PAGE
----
There is nothing you can say to make me more sad about Reece. Bringing him up doesn’t somehow remind me that he is gone. The only thing that makes me more sad is when people who know me or especially who knew him fail to mention him. I know I’ve posted about this before. But it amazes me how many people avoid us completely or at least avoid the topic. I don’t need to constantly be discussing Reece, but it never comes up with many people and it becomes uncomfortable. I don’t expect most people to really say anything, but with those that know us well, it is hard and hurtful when they don’t. It is impossible to avoid the topic and have a meaningful friendship with me. Reece is unavoidable. Just because he isn’t physically here doesn’t mean he isn’t our child or we don’t think of him and talk about him. In order to get to a point in friendship where it isn’t all about the situation of loss, there needs to be a period of time where it is. There is no quick-fix for loss and for our society, that feels uncomfortable. And yes, loss isn’t an easy topic to discuss, but Reece, as a person, is joyful to discuss. If someone chooses to bring him up, it is my responsibility to extend grace in understanding the intentions and words of the person. Even now with people I know who have lost a child, I struggle with what to say, because I don’t want to be offensive and I know I can’t fix it. But not mentioning it with them is much more about my own insecurities versus protecting the family from more pain. Healing has to happen internally and with time. As with any type of wound, healing helps recover something, but never mends it back to its original state. There is no way to know who I am without knowing this part of me. Genuine friendship is not sustainable without walking though the joyful times and the sad times…and various other times as well. So we have learned that we have to let go and allow nature to run its course on relationships with others. We really don’t have the reserves to do much else. We’ve found that the loss of Reece has also meant the loss of friendships. Strangely, I’ve learned that it is ok. But for those that do check in and understand that my slow e-mail responses or lack of calls isn’t personal, that when I don’t ask about all the activities they are doing with their kids it isn’t because I don’t care, and when I cancel plans at the last minute it isn’t because I don’t respect their time–I am forever indebted as a friend for the grace they are extending to me. I have learned more about caring for others through this period than I ever thought I would. I hope some day I am able to care for others in a similar way; when we are in a place where we feel we can support others, I aspire to be able to respond with such genuine concern and love. I know in the past I have missed many opportunities to do so. I know the day will come when I am presented with the challenge and I hope I reciprocate accordingly.
Lately, time in the Word has been sporadic. But one passage that I have been continually turning to–not necessarily of my own choosing, but simply having been led to it–is Ecclesiastes 3, although you may know the passage better from The Byrds song, “Turn, Turn, Turn”. It is the passage that discusses how God has purposed a time for everything. What it has highlighted to me is that for as many positive things there are, so there are challenging and difficult things. As much as we desire the dancing, reaping, embracing, laughing, loving, peaceful parts, so also come the weeping, mourning, tearing down, scattering, giving up parts. Those parts are intentional, too, and require our time and energy. We are programmed to fix things quickly and avoid these hard things and to not discuss them or admit them publicly. Certainly, sitting in them, “allowing” them to happen and being okay with them happening (i.e. not fighting them) seems unnatural. Like I mentioned, I keep happening upon these verses and it has affirmed to me that as uncomfortable as the tough times are, they must happen in life. Even though they don’t feel good, the valleys have a purpose.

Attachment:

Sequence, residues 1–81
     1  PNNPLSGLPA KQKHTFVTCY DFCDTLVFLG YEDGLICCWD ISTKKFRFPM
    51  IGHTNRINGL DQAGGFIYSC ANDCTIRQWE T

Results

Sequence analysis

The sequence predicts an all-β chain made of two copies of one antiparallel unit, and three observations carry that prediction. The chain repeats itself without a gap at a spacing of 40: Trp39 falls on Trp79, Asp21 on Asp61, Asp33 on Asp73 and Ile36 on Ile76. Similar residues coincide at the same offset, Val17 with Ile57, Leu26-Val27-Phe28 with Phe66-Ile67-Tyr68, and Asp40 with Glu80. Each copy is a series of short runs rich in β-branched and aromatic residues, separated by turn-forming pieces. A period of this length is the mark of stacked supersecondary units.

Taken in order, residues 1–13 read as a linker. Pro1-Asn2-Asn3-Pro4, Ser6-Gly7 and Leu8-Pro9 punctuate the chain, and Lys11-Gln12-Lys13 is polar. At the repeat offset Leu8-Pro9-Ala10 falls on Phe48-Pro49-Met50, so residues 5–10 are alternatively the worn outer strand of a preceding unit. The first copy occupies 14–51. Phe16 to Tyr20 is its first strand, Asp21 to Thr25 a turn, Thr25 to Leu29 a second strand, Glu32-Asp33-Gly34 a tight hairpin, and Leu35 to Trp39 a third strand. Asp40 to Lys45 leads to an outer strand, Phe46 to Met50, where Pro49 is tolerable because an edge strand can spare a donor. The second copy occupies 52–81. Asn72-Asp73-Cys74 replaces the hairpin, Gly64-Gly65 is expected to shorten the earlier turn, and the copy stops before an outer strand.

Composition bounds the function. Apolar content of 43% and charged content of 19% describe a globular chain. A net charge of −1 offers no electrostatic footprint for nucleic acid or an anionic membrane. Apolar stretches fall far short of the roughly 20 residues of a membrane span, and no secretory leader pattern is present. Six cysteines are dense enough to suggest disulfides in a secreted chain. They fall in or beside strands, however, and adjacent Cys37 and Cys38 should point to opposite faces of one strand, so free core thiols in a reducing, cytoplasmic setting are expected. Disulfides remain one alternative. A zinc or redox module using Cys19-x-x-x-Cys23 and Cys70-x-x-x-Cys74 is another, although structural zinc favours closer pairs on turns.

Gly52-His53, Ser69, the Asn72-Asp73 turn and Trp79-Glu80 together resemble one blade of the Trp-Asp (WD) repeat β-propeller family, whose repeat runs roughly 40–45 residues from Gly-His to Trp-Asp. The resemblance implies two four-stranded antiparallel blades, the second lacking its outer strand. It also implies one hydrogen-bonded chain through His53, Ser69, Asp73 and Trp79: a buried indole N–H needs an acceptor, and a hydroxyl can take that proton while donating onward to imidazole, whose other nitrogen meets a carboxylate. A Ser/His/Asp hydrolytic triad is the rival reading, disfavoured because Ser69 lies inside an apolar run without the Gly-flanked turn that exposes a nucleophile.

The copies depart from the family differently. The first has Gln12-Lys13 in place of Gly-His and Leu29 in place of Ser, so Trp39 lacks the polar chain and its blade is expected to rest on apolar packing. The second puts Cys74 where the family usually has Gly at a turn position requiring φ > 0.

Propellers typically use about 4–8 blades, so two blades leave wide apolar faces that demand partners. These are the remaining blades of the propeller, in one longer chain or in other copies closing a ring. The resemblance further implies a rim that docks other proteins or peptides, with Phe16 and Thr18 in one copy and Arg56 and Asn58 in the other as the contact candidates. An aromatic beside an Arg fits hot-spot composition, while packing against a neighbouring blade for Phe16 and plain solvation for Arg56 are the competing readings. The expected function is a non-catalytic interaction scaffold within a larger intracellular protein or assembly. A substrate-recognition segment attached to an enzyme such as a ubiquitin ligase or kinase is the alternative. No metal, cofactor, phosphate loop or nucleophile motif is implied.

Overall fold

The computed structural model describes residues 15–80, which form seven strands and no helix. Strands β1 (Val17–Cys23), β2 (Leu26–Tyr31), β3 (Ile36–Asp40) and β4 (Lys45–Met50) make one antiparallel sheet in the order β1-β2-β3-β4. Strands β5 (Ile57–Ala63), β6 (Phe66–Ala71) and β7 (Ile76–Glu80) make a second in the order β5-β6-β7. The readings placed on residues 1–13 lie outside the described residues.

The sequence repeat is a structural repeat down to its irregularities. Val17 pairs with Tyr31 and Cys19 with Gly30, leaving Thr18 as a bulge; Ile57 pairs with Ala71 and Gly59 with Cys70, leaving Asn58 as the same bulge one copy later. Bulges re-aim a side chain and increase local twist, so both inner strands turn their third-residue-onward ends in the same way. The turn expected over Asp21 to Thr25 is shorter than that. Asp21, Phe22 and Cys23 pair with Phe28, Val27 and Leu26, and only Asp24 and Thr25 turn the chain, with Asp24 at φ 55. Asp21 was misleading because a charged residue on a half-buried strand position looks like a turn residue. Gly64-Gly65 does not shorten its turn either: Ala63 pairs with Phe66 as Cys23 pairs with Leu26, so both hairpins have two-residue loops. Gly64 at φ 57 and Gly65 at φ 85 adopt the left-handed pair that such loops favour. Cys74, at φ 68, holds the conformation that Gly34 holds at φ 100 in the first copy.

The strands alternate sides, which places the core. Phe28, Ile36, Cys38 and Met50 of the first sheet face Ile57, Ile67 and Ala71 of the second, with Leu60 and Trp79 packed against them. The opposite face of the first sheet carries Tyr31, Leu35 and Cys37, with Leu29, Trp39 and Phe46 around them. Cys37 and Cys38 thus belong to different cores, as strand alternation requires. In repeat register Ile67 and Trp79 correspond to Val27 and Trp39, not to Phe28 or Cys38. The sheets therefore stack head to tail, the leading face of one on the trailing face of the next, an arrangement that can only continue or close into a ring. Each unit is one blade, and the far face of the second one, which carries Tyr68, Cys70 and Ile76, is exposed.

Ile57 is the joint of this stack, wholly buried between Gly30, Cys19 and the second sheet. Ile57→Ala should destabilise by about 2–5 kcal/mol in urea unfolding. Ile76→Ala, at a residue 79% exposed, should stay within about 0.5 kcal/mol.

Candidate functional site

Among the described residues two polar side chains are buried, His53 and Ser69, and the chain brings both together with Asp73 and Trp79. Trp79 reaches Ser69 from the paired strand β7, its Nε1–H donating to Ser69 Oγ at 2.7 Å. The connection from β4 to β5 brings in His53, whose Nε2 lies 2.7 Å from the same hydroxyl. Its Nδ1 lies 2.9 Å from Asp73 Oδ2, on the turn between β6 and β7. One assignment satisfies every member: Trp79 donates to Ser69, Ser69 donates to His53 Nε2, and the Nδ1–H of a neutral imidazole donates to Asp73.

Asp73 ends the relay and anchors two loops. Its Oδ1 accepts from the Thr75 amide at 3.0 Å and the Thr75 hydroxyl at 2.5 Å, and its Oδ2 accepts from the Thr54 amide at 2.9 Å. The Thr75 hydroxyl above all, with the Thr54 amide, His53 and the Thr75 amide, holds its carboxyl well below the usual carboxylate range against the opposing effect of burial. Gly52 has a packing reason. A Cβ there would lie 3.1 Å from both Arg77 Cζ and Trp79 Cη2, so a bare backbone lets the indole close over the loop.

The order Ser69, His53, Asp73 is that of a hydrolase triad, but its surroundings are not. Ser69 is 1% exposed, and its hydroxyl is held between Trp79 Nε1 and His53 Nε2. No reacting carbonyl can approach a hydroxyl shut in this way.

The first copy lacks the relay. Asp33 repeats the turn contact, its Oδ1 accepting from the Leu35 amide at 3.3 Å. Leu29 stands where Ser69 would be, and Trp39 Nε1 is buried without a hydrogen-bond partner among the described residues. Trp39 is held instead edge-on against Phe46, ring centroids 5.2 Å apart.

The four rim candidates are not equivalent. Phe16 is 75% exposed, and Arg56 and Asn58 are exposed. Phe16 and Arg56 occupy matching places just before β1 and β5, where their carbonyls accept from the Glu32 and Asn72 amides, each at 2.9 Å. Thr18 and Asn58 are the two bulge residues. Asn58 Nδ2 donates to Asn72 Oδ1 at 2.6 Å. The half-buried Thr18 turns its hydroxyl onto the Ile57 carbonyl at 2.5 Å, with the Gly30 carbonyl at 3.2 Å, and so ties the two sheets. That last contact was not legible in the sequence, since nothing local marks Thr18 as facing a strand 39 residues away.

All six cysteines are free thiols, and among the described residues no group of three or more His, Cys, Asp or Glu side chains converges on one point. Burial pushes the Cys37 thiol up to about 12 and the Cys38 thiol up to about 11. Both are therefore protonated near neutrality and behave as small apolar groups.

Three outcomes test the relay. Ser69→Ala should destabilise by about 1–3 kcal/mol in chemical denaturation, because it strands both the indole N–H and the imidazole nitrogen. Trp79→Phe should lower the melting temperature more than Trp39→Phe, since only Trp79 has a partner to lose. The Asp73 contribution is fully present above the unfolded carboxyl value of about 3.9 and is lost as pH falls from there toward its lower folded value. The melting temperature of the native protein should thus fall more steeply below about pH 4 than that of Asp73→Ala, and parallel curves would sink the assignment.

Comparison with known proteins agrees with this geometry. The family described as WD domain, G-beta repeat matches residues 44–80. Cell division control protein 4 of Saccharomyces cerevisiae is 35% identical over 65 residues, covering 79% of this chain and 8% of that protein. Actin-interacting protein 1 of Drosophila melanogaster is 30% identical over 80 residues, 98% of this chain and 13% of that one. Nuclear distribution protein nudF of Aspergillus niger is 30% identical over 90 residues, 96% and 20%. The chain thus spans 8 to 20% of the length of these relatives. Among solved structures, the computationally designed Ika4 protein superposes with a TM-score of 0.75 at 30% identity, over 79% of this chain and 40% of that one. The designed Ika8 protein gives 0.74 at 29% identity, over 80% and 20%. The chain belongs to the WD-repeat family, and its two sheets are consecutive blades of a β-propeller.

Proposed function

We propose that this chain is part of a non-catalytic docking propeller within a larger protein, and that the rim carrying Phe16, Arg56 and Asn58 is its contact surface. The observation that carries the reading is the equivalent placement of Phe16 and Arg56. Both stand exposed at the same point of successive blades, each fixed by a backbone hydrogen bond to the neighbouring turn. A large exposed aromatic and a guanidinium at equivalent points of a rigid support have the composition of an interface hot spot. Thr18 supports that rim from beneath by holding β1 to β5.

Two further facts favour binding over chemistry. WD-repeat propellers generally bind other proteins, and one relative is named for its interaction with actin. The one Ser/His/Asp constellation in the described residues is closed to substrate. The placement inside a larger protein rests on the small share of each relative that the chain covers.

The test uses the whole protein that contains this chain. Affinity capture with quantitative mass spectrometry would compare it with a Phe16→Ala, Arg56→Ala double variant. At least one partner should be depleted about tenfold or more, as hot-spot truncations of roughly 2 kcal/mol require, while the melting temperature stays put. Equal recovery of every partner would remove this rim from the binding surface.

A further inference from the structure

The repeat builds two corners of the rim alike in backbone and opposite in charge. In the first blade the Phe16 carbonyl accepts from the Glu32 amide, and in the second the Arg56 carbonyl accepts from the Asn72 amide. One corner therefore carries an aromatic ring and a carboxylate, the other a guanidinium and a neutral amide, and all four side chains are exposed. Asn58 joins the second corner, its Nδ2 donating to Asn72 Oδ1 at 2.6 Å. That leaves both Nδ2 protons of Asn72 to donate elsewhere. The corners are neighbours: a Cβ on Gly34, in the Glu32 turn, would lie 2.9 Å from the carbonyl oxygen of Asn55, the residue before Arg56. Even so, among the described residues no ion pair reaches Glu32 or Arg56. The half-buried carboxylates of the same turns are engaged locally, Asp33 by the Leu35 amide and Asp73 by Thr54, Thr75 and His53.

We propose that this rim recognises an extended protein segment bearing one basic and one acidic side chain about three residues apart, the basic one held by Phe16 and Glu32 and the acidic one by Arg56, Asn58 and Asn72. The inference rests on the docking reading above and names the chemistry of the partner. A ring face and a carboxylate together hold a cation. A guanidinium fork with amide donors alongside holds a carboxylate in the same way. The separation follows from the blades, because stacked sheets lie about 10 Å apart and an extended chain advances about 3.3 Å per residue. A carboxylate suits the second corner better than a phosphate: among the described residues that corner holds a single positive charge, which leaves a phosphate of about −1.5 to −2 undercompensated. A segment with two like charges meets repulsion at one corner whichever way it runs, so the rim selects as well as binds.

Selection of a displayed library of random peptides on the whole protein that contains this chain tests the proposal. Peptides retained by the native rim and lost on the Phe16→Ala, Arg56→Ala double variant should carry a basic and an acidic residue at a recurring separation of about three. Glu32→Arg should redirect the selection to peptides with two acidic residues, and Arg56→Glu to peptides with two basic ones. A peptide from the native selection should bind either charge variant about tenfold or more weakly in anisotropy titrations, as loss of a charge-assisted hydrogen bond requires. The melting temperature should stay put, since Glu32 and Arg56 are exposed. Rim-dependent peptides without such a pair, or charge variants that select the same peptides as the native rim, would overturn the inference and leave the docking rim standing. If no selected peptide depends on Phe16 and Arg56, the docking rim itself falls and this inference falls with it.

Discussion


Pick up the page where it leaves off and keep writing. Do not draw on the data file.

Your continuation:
I firmly believe that part of going through challenges in life is the hope that one day, you’ll be able to support someone else going through a similar situation. It comforts me to think of having a way to actually put our hurt to use and actually see part of the purpose with our own eyes. As I try to make sense out of what happened with Reece and its purpose in our lives, I am convinced that one day we will be able to walk alongside others going through the loss of a child and be supportive. In order to do that effectively, we have to spend time dealing with our own fresh grief. We can’t effectively help others in a similar situation, if all we do is turn it into something about Reece. When we are able to support other grieving parents, it will be at a time when it isn’t as intensely all about our grieving our own child. We can’t get to that by skipping over the tough stuff. This time in our life is all about Reece and that is okay.
2 thoughts on “a time for everything”
Beautifully written. I think of you and your family often. It is so helpful to hear these words from you and your experience; to inform and aid us. He is and always will be Reece..your lst born and son. It helps all of us to know what to say and do when someone is suffering. I lost my father years ago, but still do not like to say “My father was…” I know he is my only father and always will be. May God continue to guide you with your words and strength.
Your post are amazing and from the heart. The loss of my dad can never compare to your Reese. Around town I get people/strangers approaching me that my smile reminds them of my father. It warms me that others think about him and miss him as their doctor. It has been 11 years and I still hear the great stories of how he impacted their lives. He still lives on and so will Reece. Stay strong. Love You and your family.